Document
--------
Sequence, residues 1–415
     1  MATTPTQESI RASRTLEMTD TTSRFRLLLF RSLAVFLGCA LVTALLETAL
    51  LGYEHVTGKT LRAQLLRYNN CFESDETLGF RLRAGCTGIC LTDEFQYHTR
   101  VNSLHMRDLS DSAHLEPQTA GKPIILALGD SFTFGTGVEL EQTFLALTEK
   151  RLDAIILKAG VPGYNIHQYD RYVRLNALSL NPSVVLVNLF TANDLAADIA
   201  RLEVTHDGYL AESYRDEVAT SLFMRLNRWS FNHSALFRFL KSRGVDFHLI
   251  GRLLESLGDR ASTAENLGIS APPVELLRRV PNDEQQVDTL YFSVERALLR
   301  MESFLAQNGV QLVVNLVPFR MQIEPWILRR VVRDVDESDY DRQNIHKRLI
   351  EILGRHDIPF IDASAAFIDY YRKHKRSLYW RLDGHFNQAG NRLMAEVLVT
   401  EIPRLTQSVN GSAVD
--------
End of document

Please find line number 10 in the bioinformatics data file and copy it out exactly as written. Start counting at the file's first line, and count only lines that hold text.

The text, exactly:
   401  EIPRLTQSVN GSAVD